Sunday, May 12, 2013

Why the Senate Should Reject Tom Wheeler

From:  Counter Punch

Another Industry Crony at the FCC?

President Obama’s nomination of Tom Wheeler to head the Federal Communications Commission (FCC) is the height of cynical cronyism and industry-pandering. He should not be confirmed.   Obama, in fact, could not have found a worse nominee than Tom Wheeler to head this most significant regulatory agency – one with long tentacles into all our lives whether we know it or not. Wheeler is the last person who should have his hands on the levers of the FCC, though he’s been aching to do just that for decades.
Wheeler has far too many conflicts of interest and industry biases to head the FCC. The FCC, regulates the nation’s airwaves and all communications plus its accompanying infrastructure, including all broadcasters, cable companies, telephone-service providers both wired and wireless, satellite communications and the Internet. FCC is at a crucial juncture regarding decisions on new airwave auctions, further media consolidation, net neutrality, and most importantly the updating of the nation’s obsolete exposure standards for radiofrequency radiation. The stakes are high. These decisions will affect all U.S. citizens for decades to come in ways great and small.
Below are 12 good reasons why the U.S. Senate* should reject Tom Wheeler:
1. Wheeler’s financial conflicts.  As the managing director of Core Capital Partners LP in Washington, D.C., Tom Wheeler helps manage a $350 million venture capital firm that invests primarily in the high-growth technology sector – all with potential business involving the FCC. Founded in 1999, Core Capital has invested in over 45 companies and partnered with over 100 others with a focus on wireless information technology, communications, infrastructure, security, cloud-based software, digital media and technology-enabled service areas. Examples of Core Capital’s investments include PureWave Networks, which develops outdoor base stations for the 4G wireless networks; Twisted Pair Solutions, which makes mobile communications software interfaces, BridgeWave Communications, an outdoor gigabit wireless infrastructure/interface company, among many others. (See:  for portfolio information.)  Nearly all of Core Capital’s clients rely on friendly FCC regulation, lax radiofrequency radiation exposure standards, or more importantly no regulation at all. In 2008,FierceWireless included Tom Wheeler in their top ten all-time list of people who helped shape the wireless industry. Wheeler is on a mission and it goes way beyond regulating the quality of our connectivity.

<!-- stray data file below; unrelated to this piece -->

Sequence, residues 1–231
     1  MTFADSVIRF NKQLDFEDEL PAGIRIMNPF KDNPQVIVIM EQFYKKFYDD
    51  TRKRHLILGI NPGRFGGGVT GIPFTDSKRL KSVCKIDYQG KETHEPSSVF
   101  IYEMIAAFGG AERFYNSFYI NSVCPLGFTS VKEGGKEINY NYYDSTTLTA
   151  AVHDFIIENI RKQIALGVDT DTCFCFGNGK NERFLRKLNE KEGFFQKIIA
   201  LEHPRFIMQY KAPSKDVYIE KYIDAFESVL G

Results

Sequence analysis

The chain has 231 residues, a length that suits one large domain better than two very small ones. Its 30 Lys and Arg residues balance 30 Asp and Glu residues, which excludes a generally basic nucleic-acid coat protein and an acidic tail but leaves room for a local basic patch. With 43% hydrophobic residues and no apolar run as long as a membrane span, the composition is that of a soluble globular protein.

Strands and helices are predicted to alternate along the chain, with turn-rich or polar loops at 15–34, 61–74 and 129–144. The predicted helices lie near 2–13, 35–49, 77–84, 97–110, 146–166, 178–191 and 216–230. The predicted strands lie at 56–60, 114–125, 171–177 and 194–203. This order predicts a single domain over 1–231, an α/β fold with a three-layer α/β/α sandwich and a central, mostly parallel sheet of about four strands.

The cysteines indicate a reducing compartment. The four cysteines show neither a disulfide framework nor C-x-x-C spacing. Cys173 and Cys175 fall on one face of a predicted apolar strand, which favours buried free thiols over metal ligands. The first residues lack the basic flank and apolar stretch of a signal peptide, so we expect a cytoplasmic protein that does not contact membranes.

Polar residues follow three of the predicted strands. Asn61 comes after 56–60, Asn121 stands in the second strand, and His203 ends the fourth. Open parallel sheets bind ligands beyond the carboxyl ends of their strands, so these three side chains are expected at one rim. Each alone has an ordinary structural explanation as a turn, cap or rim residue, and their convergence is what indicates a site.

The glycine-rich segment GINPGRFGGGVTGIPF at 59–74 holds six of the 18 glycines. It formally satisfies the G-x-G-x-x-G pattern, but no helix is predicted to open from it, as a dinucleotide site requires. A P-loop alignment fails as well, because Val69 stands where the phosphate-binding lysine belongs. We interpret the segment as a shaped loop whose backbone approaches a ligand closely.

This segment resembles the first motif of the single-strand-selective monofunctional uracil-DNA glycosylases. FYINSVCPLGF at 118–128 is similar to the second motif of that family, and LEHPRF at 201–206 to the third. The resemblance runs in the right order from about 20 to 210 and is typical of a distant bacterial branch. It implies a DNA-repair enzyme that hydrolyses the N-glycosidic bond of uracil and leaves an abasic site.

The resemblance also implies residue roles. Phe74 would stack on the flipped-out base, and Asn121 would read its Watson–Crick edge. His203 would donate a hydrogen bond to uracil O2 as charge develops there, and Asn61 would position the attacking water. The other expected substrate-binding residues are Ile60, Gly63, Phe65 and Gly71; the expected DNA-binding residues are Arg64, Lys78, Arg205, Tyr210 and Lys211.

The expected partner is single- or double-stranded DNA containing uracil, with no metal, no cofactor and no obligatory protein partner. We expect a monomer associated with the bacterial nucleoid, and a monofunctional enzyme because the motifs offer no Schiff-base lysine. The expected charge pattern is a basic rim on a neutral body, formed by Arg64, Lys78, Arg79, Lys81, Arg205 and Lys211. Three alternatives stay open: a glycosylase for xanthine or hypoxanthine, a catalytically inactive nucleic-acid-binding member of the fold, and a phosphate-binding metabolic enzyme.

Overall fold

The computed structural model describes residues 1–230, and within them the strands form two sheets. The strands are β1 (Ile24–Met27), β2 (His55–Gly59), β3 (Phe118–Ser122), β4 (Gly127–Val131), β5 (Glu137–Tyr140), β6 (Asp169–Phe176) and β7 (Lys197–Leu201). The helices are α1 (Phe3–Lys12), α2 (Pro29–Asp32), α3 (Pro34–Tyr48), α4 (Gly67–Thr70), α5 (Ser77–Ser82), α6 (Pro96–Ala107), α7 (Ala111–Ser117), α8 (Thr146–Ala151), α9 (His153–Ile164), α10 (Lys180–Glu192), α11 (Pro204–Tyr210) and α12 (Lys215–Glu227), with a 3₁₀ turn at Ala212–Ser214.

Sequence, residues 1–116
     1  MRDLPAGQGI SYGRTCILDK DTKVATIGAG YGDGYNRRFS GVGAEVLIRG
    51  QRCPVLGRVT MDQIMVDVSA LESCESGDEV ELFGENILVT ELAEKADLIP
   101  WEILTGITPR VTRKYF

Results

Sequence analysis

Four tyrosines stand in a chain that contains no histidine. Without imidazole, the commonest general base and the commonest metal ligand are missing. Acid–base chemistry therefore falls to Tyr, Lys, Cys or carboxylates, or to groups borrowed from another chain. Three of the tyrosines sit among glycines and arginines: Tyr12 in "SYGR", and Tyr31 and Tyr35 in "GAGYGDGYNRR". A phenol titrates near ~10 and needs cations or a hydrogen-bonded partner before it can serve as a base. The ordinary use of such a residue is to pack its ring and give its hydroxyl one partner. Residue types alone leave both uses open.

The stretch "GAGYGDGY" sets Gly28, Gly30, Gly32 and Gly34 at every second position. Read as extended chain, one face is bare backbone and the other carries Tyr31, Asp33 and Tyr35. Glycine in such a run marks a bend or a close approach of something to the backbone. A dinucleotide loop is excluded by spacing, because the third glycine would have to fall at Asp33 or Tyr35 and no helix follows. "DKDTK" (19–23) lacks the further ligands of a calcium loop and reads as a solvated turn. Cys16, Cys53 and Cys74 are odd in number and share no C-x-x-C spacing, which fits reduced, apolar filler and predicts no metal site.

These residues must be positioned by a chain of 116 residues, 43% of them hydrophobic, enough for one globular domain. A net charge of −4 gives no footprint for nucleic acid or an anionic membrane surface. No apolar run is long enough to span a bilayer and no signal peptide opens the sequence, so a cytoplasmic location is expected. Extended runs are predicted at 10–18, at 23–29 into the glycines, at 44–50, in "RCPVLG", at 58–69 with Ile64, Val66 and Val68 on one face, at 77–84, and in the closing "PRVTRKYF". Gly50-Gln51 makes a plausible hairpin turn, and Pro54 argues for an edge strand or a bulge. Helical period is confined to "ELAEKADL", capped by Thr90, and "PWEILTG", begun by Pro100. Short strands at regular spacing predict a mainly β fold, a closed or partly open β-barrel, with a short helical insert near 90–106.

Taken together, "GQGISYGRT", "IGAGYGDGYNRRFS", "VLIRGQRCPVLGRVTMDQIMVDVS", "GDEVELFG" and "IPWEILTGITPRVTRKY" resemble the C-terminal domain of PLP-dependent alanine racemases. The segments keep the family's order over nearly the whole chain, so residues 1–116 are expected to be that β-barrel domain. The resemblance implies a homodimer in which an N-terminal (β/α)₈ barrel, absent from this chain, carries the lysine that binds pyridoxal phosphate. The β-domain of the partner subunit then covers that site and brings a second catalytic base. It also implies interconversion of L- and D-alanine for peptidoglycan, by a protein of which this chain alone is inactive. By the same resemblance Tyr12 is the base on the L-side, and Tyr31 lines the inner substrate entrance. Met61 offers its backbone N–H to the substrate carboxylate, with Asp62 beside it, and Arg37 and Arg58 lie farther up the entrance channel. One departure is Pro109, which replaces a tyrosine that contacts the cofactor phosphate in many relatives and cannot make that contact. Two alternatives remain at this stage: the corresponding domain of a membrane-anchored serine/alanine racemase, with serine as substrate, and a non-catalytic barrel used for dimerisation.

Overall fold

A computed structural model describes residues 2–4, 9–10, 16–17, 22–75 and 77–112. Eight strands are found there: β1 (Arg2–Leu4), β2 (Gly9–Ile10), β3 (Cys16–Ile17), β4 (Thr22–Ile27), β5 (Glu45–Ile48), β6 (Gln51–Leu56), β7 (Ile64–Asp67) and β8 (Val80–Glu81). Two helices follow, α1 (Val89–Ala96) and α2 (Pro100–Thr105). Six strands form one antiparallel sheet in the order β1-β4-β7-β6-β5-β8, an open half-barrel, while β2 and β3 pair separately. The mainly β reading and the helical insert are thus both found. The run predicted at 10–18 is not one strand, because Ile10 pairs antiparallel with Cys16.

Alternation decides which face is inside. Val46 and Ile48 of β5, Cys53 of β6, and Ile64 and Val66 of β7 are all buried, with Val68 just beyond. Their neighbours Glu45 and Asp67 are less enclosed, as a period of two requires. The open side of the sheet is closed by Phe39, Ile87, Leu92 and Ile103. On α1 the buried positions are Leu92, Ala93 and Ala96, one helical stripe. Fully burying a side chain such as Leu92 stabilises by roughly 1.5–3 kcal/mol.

2.  Wheeler’s professional conflicts/bullying. Wheeler headed two major industry trade groups: the National Cable Television Association from 1979 to 1984, which includes the largest US cable companies — Comcast, Time Warner, and Charter Communications; and the Cellular Telecommunications & Internet Association,  now called CTIA – the Wireless Association, which includes the four biggest wireless companies — Verizon, AT&T, Sprint Nextel, and T-Mobile USA.  CTIA, founded in 1984, includes not only wireless carriers, but their suppliers, service providers, and manufacturers of wireless data services and products. CTIA advocates at all levels of government and claims to coordinate the industry’s voluntary best practices and initiatives. Their behaviors indicate otherwise, however, and Tom Wheeler set their tone years ago. In 2010, CTIA sued the city of San Francisco over that city’s first-in-the-nation law that point-of-sale information regarding a cell phone’s radiofrequency radiation level, and its specific absorption rate (SAR) be made available prior to sale. It also required a handout be made available saying that the World Health Organization determined radiofrequency radiation to be a 2B possible carcinogen. It was a simple right-to-know law containing the same radiation exposure information buried in company literature deep within the box, available only after purchase. (Increasingly that information is now available only online.) CTIA sued on First Amendment grounds. Apparently making them tell the truth goes against their right to obscure. The 9th Circuit Federal Court agreed with CTIA and on May 7, 2013, the San Francisco City Board of Supervisors revoked the law because they did not want to open taxpayers to a potential $500,000 penalty in attorney’s fees for CTIA. They were also humiliated into accepting a permanent injunction against the right-to-know ordinance just to make sure they didn’t come back with anything similar in the future. Despite scores of letters and petitions from across the country encouraging San Francisco to stay the course, CTIA’s bullying worked. And for good measure, CTIA not only sued but also moved CTIA’s annual conference, traditionally held in San Francisco, to Texas, thereby taking significant revenues out of the California economy. These are all punitive tactics, honed under Wheeler while at CTIA and continued by his predecessors.  Other states are considering similar legislation. On May 2, 2013, Rep Andrea Boland (D) Maine reintroduced The Children’s Wireless Protection Act. It would require that retailers provide a flyer stating the same information about the World Health Organization’s classification, require that manufacturers’ manuals provide language to avoid direct cell phone contact with the head and body, as well as information on how to reduce excessive exposure, if one chooses, such as limiting use by children, keeping a phone away from reproductive organs, and operating it with a wired headset. The bill would also require retailers to label cell phones at point of purchase with stickers stating the following: “This device emits radiofrequency electromagnetic fields. Avoid direct contact.”  (Full text: : Rep. Boland says it’s time to give Maine constituents fair warning of the serious, potentially lethal ramifications of cell phone use, now associated with gliomas – the deadliest form of brain cancer, among other problems. But the ruling in San Francisco has had a chilling effect, just as intended by CTIA. Boland’s bill was tabled until further notice on May 8th . Pennsylvania, Oregon, New York and others are also considering such legislation.  Hopefully these other states will have more pluck than San Francisco. CTIA’s aggressive behaviors are well documented and were considerably ramped up under Tom Wheeler’s long tenure. He will institute those behaviors in favor of industry if affirmed at the FCC. Expect an FCC ruling that makes point-of-sale information illegal at the state level, a lot more litigation, and bullying.  MORE